Stock markets were under pressure on Tuesday after a global selloff the previous day in the wake of North Korea’s most powerful nuclear test at the weekend, while safe havens such as gold remained firm. MSCI’s broadest index of Asia-Pacific shares outside Japan was off 0.05 percent having shed 0.8 percent the previous day, with South Korea’s Kospi was off 0.1 percent after sliding to three-week lows on Monday. Japan’s Nikkei ticked down 0.2 percent. S&P500 mini futures maintained small losses following Pyongyang’s nuclear test and last stood at 2,469, 0.2 percent below their official close on Friday. U.S. markets were closed on Monday for labor day, and in European stocks extended a selloff that started in Asia.
The pan-European STOXX 600 index and euro zone blue chips both fell 0.5 percent and all major bourses, from the UK’s FTSE to France’s CAC 40, posted declines from 0.3 to 0.8 percent. The escalating geopolitical tensions kept many investors on edge. The White House declared on Monday that “all options to address the North Korean threat are on the table” while U.S. Ambassador to the United Nations Nikki Haley urged the 15-member U.N. Security Council to impose the “strongest possible” sanctions to deter Pyongyang. “It’s not clear whether diplomacy can solve this problem given it has failed for the last 25 years,” said Norihiro Fujito, senior investment strategist at Mitsubishi UFJ Morgan Stanley Securities. “But the U.S. doesn’t seem to be ready for a military action soon either. So we are likely to see continued stalemate, which will keep a tab on share prices.”
The North Korean fears kept safe-haven assets in demand, with gold fetching $1,333.9 per ounce, after having hit a 11-month high of $1,339.8 on Monday. In the currency market, the yen, which usually gains on risk aversion due to Japan’s net creditor nation status, was little change at 109.69 yen to the dollar, not far from Monday’s high of 109.22 yen. The euro maintained its slim gains made on Monday to trade at $1.1896.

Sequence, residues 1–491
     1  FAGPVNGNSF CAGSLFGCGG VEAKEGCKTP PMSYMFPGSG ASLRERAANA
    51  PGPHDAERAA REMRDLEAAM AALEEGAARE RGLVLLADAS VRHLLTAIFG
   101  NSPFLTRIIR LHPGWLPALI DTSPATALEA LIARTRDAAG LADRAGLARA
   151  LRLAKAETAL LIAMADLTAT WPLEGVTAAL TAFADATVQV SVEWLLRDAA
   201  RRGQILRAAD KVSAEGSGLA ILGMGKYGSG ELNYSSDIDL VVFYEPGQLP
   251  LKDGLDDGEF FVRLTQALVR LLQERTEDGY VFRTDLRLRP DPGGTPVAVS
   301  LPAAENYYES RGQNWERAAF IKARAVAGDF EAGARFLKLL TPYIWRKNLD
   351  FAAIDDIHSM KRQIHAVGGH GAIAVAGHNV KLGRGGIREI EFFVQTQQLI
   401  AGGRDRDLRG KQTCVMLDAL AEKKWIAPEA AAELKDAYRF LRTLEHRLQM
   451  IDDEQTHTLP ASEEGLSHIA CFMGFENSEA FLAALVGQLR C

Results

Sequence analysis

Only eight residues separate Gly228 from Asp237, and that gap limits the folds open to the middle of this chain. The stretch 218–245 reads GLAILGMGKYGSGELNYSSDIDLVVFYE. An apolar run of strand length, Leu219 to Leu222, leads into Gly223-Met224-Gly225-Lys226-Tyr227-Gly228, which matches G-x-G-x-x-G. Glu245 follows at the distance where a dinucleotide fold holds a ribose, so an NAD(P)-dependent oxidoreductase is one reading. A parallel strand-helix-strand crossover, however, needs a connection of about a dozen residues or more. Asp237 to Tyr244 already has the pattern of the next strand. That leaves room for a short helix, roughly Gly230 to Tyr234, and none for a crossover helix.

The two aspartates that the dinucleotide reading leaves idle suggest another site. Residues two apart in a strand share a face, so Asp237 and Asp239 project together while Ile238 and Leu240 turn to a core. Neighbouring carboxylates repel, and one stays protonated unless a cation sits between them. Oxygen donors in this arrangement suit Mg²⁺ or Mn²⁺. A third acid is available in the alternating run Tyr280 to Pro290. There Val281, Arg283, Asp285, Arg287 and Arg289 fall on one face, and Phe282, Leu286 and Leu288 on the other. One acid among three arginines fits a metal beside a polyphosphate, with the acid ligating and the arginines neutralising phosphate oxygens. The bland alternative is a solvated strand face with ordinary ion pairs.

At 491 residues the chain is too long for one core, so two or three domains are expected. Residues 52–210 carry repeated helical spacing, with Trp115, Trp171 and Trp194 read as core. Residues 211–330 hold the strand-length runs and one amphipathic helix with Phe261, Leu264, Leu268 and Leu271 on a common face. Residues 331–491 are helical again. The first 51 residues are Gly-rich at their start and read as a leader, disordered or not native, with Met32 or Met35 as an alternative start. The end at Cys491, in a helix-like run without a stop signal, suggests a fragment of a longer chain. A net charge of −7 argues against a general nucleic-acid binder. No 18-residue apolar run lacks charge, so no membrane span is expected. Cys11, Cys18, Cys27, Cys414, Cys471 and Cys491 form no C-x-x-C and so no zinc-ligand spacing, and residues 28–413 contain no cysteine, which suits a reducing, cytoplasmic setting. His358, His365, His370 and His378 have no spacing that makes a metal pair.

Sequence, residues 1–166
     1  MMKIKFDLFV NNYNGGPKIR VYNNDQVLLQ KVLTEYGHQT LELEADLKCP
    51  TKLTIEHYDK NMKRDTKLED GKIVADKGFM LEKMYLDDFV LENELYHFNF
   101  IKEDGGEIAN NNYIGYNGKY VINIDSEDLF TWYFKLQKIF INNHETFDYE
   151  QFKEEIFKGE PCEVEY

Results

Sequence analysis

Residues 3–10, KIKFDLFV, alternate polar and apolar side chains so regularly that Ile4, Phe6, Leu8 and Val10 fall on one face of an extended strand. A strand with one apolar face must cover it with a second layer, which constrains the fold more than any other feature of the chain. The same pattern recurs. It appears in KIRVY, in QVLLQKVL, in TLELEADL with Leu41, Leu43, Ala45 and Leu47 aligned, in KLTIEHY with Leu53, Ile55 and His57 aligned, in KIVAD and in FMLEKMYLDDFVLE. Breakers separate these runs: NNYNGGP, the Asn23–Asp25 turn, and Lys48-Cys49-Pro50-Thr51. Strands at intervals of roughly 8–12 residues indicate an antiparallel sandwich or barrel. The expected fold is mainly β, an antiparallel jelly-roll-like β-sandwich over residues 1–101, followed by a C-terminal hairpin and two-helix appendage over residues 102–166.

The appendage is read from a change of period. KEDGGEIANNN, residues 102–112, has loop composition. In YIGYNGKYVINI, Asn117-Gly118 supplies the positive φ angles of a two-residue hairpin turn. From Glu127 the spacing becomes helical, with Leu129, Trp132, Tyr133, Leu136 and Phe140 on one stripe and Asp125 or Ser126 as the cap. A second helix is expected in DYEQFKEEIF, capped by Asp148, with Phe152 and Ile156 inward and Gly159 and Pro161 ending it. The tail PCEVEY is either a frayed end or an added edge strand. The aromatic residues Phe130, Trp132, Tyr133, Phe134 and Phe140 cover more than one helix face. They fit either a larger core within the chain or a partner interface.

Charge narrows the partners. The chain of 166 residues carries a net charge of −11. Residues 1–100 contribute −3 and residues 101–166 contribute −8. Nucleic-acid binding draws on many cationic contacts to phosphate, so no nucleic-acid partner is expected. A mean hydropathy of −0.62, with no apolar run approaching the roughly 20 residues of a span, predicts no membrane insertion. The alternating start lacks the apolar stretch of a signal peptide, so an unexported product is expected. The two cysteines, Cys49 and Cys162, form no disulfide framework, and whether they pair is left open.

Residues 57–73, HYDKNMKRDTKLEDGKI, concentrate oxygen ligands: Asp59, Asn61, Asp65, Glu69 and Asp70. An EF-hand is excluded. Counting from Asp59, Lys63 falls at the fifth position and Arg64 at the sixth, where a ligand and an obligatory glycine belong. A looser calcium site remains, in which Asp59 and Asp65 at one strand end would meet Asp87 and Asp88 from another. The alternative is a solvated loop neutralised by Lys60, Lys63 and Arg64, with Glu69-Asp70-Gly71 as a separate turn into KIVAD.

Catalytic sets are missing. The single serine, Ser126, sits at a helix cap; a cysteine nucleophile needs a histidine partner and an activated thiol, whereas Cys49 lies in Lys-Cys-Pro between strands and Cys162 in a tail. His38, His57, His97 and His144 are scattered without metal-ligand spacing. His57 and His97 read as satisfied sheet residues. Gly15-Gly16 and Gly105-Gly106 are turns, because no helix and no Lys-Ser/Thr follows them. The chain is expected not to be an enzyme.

But it kept some distance from a 2-1/2-year high of $1.2070 hit last week on rising expectations that a stronger euro could slow the European Central Bank’s (ECB) plans to rein in its bond-buying stimulus scheme. Bitcoin dropped further from Saturday’s all-time high of $4,979.9 to trade at $4,216 after China on Monday banned the practice of raising funds through launches of token-based digital currencies, or so-called initial coin offerings (ICO).
In commodities, copper stood near three-year high while other industrial metals such as nickel were also firm on expectations of solid economic growth in China. Copper traded at $6,915.50 a tonne, near Monday’s three-year high of $6,924. U.S. crude oil prices edged higher while U.S. gasoline prices slumped to pre-Hurricane Harvey levels, as oil refineries and pipelines in the U.S. Gulf Coast slowly resumed activity, easing supply concerns.
U.S. West Texas Intermediate (WTI) crude futures ticked up 0.2 percent to trade at $47.38 per barrel as U.S. demand recovered after being hit by reduced refinery activity since Harvey made landfall on Aug. 25. NYMEX gasoline futures dropped back to $1.6906 a gallon from highs of $2.1705 touched on Thursday.